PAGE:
All the buildings, including the pyramid, were enclosed by a wall built of small white limestone blocks. The size of the stones was a survival of the older brick construction; the Egyptians had yet to learn how to exploit the new building material properly. Inside the wall lay courts and buildings and tombs of various types; so complicated is the structure that archaeologists are still finding things within the Step Pyramid enclosure. The broken remains of the buildings are important for the study of domestic architecture, since some of them reproduce the actual living quarters of the king, which were built of less durable materials than stone. Others are replicas of structures used in various ritual performances.

The pyramid itself is solid (we think); the burial corridors and chambers were underground, entered through a passage from the funerary temple next to the pyramid. This is not typical of later pyramids, and the Step Pyramid substructure is more elaborate than later Old Kingdom examples. Some of the walls had reliefs, done in a subtle and skilled style; others were covered with small blue-green glazed tile in imitation of matting. A badly battered though once magnificent statue of Djoser was found in the serdab of the pyramid, but the body of the king has long since disappeared. A few bones, flung irreverently on the floor of the burial chamber, may be all that remains of him—though there is no way of proving it.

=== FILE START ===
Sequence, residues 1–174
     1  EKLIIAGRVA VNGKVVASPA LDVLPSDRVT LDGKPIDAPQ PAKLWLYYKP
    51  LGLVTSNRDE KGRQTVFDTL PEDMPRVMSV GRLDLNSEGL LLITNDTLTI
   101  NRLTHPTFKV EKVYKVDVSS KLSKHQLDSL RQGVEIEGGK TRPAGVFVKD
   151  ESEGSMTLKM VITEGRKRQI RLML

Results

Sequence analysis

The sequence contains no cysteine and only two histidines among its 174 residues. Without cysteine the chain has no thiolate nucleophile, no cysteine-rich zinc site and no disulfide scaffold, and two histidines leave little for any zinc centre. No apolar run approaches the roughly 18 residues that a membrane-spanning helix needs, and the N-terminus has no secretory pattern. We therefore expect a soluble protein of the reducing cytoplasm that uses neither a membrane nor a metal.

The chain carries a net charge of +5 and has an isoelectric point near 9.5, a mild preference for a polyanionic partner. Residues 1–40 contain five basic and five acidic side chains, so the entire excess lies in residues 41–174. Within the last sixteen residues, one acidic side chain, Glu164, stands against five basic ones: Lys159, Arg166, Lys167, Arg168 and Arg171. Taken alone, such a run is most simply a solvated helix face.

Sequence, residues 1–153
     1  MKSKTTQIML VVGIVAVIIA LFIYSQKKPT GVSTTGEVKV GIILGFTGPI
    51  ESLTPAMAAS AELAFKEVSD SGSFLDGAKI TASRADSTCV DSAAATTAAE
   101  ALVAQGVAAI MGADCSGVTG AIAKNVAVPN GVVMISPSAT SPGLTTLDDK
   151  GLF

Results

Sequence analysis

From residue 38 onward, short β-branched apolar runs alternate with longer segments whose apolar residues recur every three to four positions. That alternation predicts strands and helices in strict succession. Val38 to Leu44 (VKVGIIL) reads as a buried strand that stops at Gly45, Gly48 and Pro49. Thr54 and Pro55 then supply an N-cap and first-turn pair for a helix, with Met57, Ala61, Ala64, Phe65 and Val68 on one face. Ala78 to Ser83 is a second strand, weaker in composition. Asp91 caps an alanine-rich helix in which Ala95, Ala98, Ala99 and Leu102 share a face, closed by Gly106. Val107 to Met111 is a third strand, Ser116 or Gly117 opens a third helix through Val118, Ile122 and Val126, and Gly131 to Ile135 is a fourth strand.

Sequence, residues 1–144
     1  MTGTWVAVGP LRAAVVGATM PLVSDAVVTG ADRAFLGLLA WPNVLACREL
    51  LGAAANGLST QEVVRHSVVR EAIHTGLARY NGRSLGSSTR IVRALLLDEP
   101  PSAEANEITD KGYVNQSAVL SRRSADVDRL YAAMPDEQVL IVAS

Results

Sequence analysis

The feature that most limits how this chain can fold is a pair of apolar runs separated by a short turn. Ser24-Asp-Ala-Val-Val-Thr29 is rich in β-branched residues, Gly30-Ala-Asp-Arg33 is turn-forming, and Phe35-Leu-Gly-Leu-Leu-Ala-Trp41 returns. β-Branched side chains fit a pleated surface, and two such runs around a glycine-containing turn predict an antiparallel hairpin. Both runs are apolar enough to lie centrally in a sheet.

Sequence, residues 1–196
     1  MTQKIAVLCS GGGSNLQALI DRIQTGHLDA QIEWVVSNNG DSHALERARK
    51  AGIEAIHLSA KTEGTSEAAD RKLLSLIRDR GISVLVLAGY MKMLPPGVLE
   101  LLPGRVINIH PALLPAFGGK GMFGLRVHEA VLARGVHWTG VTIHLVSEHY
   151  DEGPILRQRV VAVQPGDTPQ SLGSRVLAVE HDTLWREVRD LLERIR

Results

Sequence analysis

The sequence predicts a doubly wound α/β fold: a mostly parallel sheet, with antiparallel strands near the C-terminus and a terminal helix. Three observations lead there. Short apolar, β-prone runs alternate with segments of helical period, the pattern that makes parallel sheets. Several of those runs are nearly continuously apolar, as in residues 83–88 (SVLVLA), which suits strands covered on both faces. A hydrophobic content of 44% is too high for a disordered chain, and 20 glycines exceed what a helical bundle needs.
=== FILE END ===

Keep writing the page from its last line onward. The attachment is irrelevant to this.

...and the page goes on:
Of the master architect Imhotep even less has survived. A few years ago, the world of Egyptology was more or less electrified by the discovery of what might have been the tomb of Imhotep. Unfortunately we can’t be more specific than that. The tomb is—or isn’t—at Sakkara, one of a group of large Third Dynasty mastabas—those of important people, to judge by their size. Not only were all these tombs thoroughly plundered in antiquity, but they were also virtually destroyed by later builders. Walter Emery, who first excavated in the area, believed that Imhotep’s tomb was there somewhere, and that it served as the cult center for a Ptolemaic temple dedicated to the deified vizier. Ensuing excavations uncovered a fantastic labyrinth of underground galleries containing the mummies of hundreds of thousands of ibises and baboons. These animals were sacred to Thoth, god of learning, who was regarded as the divine father of Imhotep. Perhaps one of the desecrated tombs was his. Perhaps it is yet to be found. People are still looking.

A statue base in the Step Pyramid area bearing his name confirms Imhotep’s connection with that structure, which is in itself a sizeable substantiation of one of Imhotep’s reputed talents; and we are entitled to wonder whether tradition may not have been equally accurate about his other abilities. Imhotep’s age, the Third Dynasty, was a formative period. An efflorescence of creativity took place, paving the way for the massive accomplishments of Egyptian culture that we will see fully developed during the next dynasty. Djoser’s statue shows that the fumbling attempts of earlier sculptors had been replaced by a technique that was to become the traditional method of carving stone. In the realm of abstract ideas, equally significant discoveries were being made. I want to talk about one of these discoveries now.